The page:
3146(e), the authority of that subsection extends to "the judicial officer
ordering the release" of the defendant. Here the judicial officer who ordered the
release of James and Fernandez was not the district court for the Northern
District of Florida, but a magistrate of the Southern District. Thus we are
presented with the problem whether the district court having original
jurisdiction over the case may amend the conditions of a defendant's release on
motion by the government even though that court is not the releasing officer
under 3146(e).7


This exact issue was the subject of a recent Second Circuit case, United States
v. Zuccaro, 645 F.2d 104 (2d Cir.), cert. denied, --- U.S. ----, 102 S.Ct. 110, 70
L.Ed.2d 96 (1981). In Zuccaro, the appellant was arrested and brought before a
federal magistrate who set bond at $150,000. The following day the district

attorney motioned the district court to have bail increased to $500,000. After a
hearing, the district judge set bail at $350,000 and Zuccaro appealed, claiming
that because the trial judge was not the releasing officer under 3146(e), he
could not amend the bond set by the magistrate unless he found the magistrate's
order "clearly erroneous."8

The Second Circuit rejected this argument and affirmed the district judge. The
court reasoned that because conditions of bail govern release "pending trial," 18
U.S.C. 3146(a), the conditions necessarily extend into a period during which
the judge with original jurisdiction over the case would be exercising that
jurisdiction as to pre-trial matters. He therefore must have the authority to make
such orders he deems necessary to ensure the presence of the defendants at
trial, and the government should be able to invoke that authority. The court,
moreover, noted that in many cases (such as the case before us) the defendant's
initial appearance would occur in a district other than that of prosecution; in
such cases, insisting that the government return to the original releasing officer
to request amendments to the conditions of bail would be a gross waste of
resources. Finally, the court concluded that because the range of officers
empowered to set initial release conditions covered a wide variety of persons,
including local justices of the peace, Congress likely did not intend that the
conditions be immune from supervision by the trial judge.


We find this reasoning persuasive and adopt it as our own. Thus we hold that
despite the fact the district judge was not the releasing officer under 3146(e),
he had authority as the court with original jurisdiction over the case to amend
the conditions of appellants' release on motion by the prosecution.

III. The Legality of the Amended Bond


Appellants also attack the legality of the amended bond on several grounds.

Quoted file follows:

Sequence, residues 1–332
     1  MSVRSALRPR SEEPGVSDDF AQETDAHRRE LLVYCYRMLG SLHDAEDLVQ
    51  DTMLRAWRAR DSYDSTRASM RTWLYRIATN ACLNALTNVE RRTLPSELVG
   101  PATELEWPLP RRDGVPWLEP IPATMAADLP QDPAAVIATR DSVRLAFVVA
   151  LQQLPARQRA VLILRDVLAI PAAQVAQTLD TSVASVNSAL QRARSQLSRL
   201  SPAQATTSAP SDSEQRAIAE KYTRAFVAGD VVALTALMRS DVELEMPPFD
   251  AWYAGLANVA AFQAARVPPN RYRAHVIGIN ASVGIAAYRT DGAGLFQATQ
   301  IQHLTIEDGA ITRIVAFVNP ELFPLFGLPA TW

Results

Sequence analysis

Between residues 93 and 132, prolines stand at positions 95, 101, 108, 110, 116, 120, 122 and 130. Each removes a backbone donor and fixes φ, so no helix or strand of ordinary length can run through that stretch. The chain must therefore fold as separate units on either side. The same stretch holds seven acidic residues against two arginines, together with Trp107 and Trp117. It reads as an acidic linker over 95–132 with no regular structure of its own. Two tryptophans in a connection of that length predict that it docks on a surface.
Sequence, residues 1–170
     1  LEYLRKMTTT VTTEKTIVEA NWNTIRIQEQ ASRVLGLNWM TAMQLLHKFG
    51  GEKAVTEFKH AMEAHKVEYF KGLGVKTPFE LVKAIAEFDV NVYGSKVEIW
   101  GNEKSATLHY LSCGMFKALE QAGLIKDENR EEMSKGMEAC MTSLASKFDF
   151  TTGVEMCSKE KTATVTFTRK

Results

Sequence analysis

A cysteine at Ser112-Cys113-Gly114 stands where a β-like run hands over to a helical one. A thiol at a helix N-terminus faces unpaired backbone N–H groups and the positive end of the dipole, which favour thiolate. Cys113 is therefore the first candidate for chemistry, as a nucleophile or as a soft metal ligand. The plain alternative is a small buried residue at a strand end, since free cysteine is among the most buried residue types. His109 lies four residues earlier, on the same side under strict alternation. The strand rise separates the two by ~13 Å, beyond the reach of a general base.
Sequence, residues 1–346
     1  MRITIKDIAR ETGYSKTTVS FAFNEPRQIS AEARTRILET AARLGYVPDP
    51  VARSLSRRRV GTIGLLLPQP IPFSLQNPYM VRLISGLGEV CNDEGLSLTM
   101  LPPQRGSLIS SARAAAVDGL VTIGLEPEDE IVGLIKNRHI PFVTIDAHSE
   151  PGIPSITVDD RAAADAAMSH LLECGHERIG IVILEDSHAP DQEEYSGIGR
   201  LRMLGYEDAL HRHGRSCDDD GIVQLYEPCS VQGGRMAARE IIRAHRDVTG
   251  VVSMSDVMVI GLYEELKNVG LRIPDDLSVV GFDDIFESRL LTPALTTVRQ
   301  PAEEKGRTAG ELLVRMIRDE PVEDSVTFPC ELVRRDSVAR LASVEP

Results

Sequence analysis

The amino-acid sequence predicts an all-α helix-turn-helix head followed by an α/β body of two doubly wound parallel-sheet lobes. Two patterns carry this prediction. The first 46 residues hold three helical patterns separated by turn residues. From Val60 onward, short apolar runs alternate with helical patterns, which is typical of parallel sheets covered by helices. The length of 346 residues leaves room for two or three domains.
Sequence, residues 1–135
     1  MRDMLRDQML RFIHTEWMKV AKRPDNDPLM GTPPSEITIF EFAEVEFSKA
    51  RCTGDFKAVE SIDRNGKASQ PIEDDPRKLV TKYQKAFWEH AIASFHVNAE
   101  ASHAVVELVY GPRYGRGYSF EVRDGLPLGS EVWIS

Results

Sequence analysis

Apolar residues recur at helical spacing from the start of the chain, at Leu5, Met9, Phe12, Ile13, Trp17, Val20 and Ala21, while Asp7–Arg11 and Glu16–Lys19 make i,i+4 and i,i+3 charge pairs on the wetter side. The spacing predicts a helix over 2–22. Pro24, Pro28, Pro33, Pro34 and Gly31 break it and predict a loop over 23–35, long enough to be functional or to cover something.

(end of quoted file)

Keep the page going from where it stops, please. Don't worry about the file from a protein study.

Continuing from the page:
First they assert that the policy of the Northern District of Florida not to accept
property bonds is contrary to the primary policy behind 3146, which is to
permit release of the defendant pending trial under the least restrictive
condition compatible with assuring the future appearance of the accused.
United States v. Cramer, 451 F.2d 1198 (5th Cir. 1971). Accord, United States
v. Honeyman, 470 F.2d 473 (9th Cir. 1972); United States v. Smith, 444 F.2d
61 (8th Cir. 1971), cert. denied, 405 U.S. 977, 92 S.Ct. 1205, 31 L.Ed.2d 253
(1972); United States v. Bronson, 433 F.2d 537 (D.C.Cir.1970).


Because of the clear purpose behind 3146, we would have difficulty with
upholding the legality of denying or altering a property bond solely because of
a stated policy against those bonds. Such a situation is not present in this case,

however. Although the trial court's orders9 asserted that the policy of the
Northern District against property bonds was a reason for altering the type of
security, as opposed to the amount, a reading of the orders as a whole indicates
that the court's primary concern in altering the bonds was assuring that James
and Fernandez would be present at trial. In the body of each order, for example,
the court specifically discussed the factors under 3146 weighing in favor and
against an amended bond. In the Fernandez order, the trial court also
specifically noted that the $2 million property bond was "the minimum needed
to secure his appearance at trial." In the final paragraph of the James order,
moreover, the trial court stated, "I find a bond of $2 million, cash or corporate
surety, is the minimum required to ensure James' attendance at trial." Hence we
find that because the primary purpose of the bond amendments in this case was
to secure appellants' future presence and not merely to implement a policy
against property bonds, the amendments were not illegal.

Appellants also urge that the amended bond denied them their eighth
amendment rights to be free from excessive bail and that the trial court's
reasons for amending the conditions of release were inadequate. We disagree.
The basic test for excessive bail is whether the amount is higher than
reasonably necessary to assure the accused's presence at trial. United States v.
Beaman, 631 F.2d 85, 86 (6th Cir. 1981); United States v. Wright, 483 F.2d
1068, 1070 (4th Cir. 1973); United States v. Bobrow, 468 F.2d 124, 127 n.16
(D.C.Cir.1972). As long as the primary reason in setting bond is to produce the
defendant's presence, the final amount, type, and other conditions of release are
within the sound discretion of the releasing authority, and we may review only
for an abuse of that discretion. United States v. Cook, 428 F.2d 460, 461 (5th
Cir. 1970). Accord United States v. Archie, 656 F.2d 1253, 1258 (8th Cir.
1981). See United States v. Zuccaro, 645 F.2d 106-07 (2d Cir.), cert. denied, --U.S. ----, 102 S.Ct. 110, 70 L.Ed.2d 96 (1981).


After reviewing the record and the district court's orders in this case, we
conclude that the amended bond was not excessive and no abuse of discretion
occurred. The court below specifically examined the various factors listed in
3146 and, after hearing a substantial portion of the government's evidence in the